Kissing in the park. Getting stoned to A Tribe Called Quest. And cooling your feet in the fridge. Get ready to revisit Manhattan’s blistering summer of 1994 with indie hit The Wackness. Wonderland meets its young stars...
At eight years old, he was doing stand-up. At 10, he was performing in New York’s top comedy clubs. And at 17, he landed his own kid-com on the Nickelodeon channel, Drake & Josh. Josh Peck is either incredibly talented or incredibly lucky. Or both. Born in Hell’s Kitchen to a Jewish life-coach mother (“I never met my father”), the 21-year-old was riddled with asthma as a child and spent his time holed up indoors watching sitcoms. He was a popular target for neighbourhood bullies. “I had this high, nine-year-old-girl voice going for me well into my late teens,” says Peck. “It was touch and go there for a while.”
Trying to make cynical New Yorkers laugh rescued Peck from his childhood tormentors and turned him into a showbiz tyke who stalked bosses at Nickelodeon until they gave him his first acting job. He was also able to turn his experiences into screen gold in both 2004’s Mean Creek – for which he won raves playing a pudgy bully who suffers a wretched comeuppance – and this year’s Sundance pack-leader The Wackness.
Jonathan Levine’s portrait of teen angst and infatuation is filtered through Peck’s depressive, hip-hop-obsessed outcast Luke Shapiro. Luke barters weed in return for therapy with a pot-smoking shrink (Ben Kingsley) and falls in love with the shrink’s stepdaughter (Olivia Thirlby). “People say to me, ‘You’re a pretty cool guy and Luke is kind of a loser’, but I think Luke is far cooler than I’ll ever be,” says the affable and quick-to-self-deprecate actor, who spent two years trying to shed puppy fat from his six-foot frame with a mix of karate, yoga and leafy greens.
“I don’t know when I’ve enjoyed a meal in years,” moans Peck, only half-joking. The trimmed-down funny-man felt bold enough to strip off for a sex scene with the pert Thirlby. “Oh man, I was petrified,” he groans, admitting that he found his Wackness co-star “dreamy but unattainable, in real life and as the character”. As for their screen coitus, “I basically did 150 push-ups, dropped the robe and went with God.”
Still tied to Nickelodeon (“Look at it this way – I don’t have to be a waiter”), Peck is craving further serious film roles to help him transcend teen stardom. He has Steve Coogan-starrer Safety Glass, about the Space Shuttle Challenger disaster, coming soon, and is trawling through a stack of scripts “trying to find something that’s going to be the next step on the ladder to I have no fucking idea where. Hopefully to some kind of happiness. And if it’s the ladder to the Carnegie Deli in New York, I’ll take that too.”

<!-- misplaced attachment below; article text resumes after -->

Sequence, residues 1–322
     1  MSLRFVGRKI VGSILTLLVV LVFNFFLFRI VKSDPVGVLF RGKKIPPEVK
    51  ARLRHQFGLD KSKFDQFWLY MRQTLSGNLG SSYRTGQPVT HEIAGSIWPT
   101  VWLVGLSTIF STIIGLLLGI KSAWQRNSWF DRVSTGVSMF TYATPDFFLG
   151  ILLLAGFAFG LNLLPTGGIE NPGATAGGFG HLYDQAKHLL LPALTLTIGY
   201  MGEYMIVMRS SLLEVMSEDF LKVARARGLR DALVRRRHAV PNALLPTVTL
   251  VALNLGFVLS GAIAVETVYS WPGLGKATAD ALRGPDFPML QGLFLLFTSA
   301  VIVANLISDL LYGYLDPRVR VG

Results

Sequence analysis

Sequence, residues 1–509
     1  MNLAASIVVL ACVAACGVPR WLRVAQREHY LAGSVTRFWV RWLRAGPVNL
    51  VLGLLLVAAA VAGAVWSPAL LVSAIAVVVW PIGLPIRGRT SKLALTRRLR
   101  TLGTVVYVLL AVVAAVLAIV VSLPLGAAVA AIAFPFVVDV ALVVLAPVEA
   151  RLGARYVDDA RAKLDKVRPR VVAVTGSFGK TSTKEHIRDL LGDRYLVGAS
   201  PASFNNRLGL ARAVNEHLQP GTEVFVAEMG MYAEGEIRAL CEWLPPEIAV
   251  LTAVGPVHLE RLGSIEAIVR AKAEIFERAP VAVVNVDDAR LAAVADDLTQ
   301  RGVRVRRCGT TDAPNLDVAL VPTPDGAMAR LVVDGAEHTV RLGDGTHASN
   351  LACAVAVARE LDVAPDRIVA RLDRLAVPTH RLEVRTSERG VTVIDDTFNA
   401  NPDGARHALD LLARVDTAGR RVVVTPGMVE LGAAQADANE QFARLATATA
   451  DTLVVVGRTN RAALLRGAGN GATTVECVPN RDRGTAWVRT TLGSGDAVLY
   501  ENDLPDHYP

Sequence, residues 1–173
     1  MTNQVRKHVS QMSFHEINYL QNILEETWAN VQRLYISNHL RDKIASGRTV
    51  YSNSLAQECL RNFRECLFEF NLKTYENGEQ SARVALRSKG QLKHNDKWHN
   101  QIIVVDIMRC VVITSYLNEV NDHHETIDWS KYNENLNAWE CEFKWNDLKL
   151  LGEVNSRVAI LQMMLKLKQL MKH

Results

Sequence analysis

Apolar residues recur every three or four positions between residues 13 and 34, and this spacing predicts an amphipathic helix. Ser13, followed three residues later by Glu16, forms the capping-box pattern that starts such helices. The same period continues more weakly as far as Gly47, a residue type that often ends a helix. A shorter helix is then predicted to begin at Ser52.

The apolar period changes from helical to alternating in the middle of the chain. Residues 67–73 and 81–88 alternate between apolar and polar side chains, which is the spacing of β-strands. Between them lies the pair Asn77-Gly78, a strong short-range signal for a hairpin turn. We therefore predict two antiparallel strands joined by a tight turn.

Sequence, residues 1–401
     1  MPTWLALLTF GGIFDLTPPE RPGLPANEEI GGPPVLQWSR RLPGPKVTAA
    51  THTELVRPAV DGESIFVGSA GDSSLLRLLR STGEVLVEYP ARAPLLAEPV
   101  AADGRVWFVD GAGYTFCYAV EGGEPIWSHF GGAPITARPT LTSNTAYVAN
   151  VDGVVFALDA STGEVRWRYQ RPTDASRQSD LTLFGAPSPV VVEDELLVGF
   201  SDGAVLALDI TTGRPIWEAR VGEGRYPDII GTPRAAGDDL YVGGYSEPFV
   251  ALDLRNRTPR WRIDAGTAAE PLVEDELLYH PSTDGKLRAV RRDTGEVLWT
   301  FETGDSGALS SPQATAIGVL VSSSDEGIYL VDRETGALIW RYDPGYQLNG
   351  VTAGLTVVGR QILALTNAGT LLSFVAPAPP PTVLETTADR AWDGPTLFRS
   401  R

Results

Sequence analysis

Olivia Thirlby has had a hell of a three years. From doomed passenger in United 93 to the quirky, quipping best friend in indie juggernaut Juno to The Wackness, it’s been a charmed introduction to the big time. But the 21-year-old has also learned that success has its price. Post-Juno, she and real-life chum Ellen Page have had to forsake their “passion project” Jack And Diane, which they planned to star in “long before Juno” as two girls who begin a torrid affair only for one to think she might be a werewolf.
“The time for that movie might have passed,” laments Thirlby earnestly. “It’s just not the right time for either of us to go make this bizarre, experimental narrative. The films that I choose now are gonna influence the rest of my career… Or at least that’s what the people in charge lead you to believe.”
Juno’s Oscar nods and box-office glory separated Thirlby from the bleating herd – “I’m suddenly a viable option,” she says wryly – but it’s The Wackness that gives full rein to her edgy talents. She’s cast in the “heartbreaker” role of Stephanie, foxy stepdaughter to Ben Kingsley’s psychiatrist and the summer obsession for schleppy teen dealer Luke (Peck).
Like her Wackness character, Thirlby is a New York native and an only child who attended private school; unlike Stephanie, rigorous academic studies came before fun. “I wasn’t really cool enough to be able to smoke pot and keep up with my homework,” she laughs. “I had to make a choice.” Acting came in her late teens with one commercial and her feature debut at 18 in The Secret, as David Duchovny’s possessed daughter.
Long of limb, lash and hair, Thirlby is vaguely gawky in her appeal. But the Bambi effect is surface only. She is not remotely timid when it comes to fielding personal questions: she pauses before so-sweetly saying, “I’d rather not answer that.” Things she’ll reveal: she loves hiking and fried chicken. Things she won’t: what her parents do for a living.
She’d better get used to our curiosity. With The Wackness and a string of upcoming outings including Uncertainty with Joseph Gordon-Levitt, she’s fast shaping up to be the next off-beat It-girl. But Thirlby isn’t thirsting for fame in the least. “I like rolling out of bed and not caring about how my face looks when I go out for breakfast in sweatpants,” she insists. “Losing your anonymity can be so jarring and awful – I’m in no rush to have that happen to me.”